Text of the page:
Future Of The Trucking Industry

Trucking’s future is a hotly debated subject among businesses and drivers alike. What design will future semi-trucks have? With self-driving trucks looming on the horizon, will American truck drivers in the future even have jobs? The way drivers operate is being impacted by current developments, which are already influencing how the trucking business will develop. 

To prepare your business for the future, check out this article about truck driving’s current state and anticipated developments.

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AI Infusion 

Worldwide, 8.7 million truck drivers work in the enormous $800 billion sector. There are 7.8 million people employed in transporting goods and 3.5 million professional truck drivers in the United States alone, where trucking is the most widespread job in several states. 

The transportation sector, including trucking, is expected to undergo significant changes due to artificial intelligence (AI) technologies. According to research, between 2017 and 2030, the transportation sector’s AI market is expected to develop at a compound annual growth rate of roughly 18 percent, increasing from $1.2 billion in 2017 to $10.3 billion in 2030. 

With AI technology, businesses like Tesla, Google, Uber, and other truck manufacturers are gathering steam and testing trucks on public roads. As long as these businesses continue to innovate, the sector will undergo numerous revolutions. AI will significantly impact everything from fuel efficiency to route optimization, drivers, and safety and accident prevention.

What does the ongoing technological transformation entail for the trucking business and its employees? Here is a summary of all the information you might need.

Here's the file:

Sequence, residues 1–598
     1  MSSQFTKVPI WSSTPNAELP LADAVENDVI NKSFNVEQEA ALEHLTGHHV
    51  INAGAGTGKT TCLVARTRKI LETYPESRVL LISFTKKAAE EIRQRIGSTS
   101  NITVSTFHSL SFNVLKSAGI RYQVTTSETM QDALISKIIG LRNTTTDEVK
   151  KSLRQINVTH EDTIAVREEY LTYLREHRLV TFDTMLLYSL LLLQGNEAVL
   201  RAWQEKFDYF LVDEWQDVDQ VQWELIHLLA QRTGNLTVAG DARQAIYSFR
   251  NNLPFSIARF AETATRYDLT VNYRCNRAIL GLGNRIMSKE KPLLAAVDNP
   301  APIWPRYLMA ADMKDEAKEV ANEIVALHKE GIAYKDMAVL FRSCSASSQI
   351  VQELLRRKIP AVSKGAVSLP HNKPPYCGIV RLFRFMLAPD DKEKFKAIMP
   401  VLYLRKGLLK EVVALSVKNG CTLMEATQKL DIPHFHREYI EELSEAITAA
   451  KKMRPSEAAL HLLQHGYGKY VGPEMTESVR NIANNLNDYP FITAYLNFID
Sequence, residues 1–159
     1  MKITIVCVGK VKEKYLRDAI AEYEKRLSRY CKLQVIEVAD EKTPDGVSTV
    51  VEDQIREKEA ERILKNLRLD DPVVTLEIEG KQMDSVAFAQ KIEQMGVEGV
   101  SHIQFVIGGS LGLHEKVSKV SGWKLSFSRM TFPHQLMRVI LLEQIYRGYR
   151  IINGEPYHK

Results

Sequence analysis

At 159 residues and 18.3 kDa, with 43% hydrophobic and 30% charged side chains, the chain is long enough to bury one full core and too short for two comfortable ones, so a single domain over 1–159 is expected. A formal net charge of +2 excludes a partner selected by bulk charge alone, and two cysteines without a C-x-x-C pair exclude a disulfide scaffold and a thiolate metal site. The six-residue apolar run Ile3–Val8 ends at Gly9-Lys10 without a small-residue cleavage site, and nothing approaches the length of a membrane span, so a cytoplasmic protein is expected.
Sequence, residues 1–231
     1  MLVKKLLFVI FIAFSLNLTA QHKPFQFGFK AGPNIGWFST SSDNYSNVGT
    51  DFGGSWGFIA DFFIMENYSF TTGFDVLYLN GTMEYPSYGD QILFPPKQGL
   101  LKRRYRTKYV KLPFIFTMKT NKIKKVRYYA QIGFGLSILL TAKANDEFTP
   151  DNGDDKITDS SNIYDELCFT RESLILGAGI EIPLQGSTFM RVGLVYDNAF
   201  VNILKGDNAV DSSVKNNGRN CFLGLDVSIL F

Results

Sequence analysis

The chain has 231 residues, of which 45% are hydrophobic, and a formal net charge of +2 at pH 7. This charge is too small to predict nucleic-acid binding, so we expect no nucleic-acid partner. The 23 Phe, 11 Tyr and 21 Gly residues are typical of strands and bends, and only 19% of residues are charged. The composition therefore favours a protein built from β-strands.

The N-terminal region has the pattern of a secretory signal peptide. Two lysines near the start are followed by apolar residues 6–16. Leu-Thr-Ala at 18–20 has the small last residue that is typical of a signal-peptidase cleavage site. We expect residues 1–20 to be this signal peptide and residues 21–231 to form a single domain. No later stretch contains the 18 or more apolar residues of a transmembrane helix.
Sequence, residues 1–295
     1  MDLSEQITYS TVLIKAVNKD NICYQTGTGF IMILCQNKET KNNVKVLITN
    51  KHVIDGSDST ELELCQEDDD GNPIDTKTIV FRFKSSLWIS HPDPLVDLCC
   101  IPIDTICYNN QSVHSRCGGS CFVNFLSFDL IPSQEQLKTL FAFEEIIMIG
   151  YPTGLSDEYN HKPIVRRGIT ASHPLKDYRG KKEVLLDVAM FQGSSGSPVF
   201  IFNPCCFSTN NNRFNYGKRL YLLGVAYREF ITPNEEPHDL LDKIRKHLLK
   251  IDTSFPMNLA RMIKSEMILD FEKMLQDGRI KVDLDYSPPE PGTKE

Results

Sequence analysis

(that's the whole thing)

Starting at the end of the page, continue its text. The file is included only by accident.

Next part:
• Electric Trucks

Since electric passenger vehicles have been existing for a while, figures show that in 2019, sales of these vehicles exceeded 2.2 million units. Electric vehicle adoption is estimated to skyrocket shortly for businesses in this sector. However, because long-haul semi trucks are more difficult to introduce, the progress of electric trucking vehicles will go more gradually. 

In the future, the trucking industry may employ electric vehicles, but long-haul driving requires a large battery capacity that is still beyond the capabilities of the existing electric technologies. Nevertheless, several fleets that work in urban or rural areas are starting to research electric models and producers. To meet the demand, these manufacturers all created trucks as soon as possible.

  • Increased Safety

Although fully automated driving may get some time off, we are already seeing safety features added to trucks. For instance, a Tesla computer can manage semi-autonomous braking, steering, and acceleration systems on a truck, but the driver will still need to maintain control of the steering wheel. 

To provide drivers more flexibility, the Federal Motor Carrier Safety Administration (FMCSA) updated the HOS. Still, many drivers continue to log 11 hours a day behind the wheel. It increases the risk of errors as the shift progresses. 

Semi-autonomous trucks with AI guidance can reduce the potential risks brought on by drowsy or inattentive driving by recording work time & sending real-time alerts.

  • Fuel Economy 

The annual fuel consumption of one commercial truck might reach over $70,000. When you multiply this sum by the number of trucks in a fleet, it becomes clear why trucking businesses are always looking for ways to increase fuel economy. Using AI technology will result in better fuel efficiency due to better aerodynamics. In addition, overall savings can increase. 

The state and internal functioning of the truck are crucial because fuel is one of the biggest expenses for fleets. AI can identify specific truck issues that are resulting in underperformance. 

The costs associated with fuel efficiency will drop much further when the industry transitions to self-driving trucks. 

A report published in 2018, predicted that the industry would save $168 billion overall and gain fuel efficiency to the tune of $35 billion.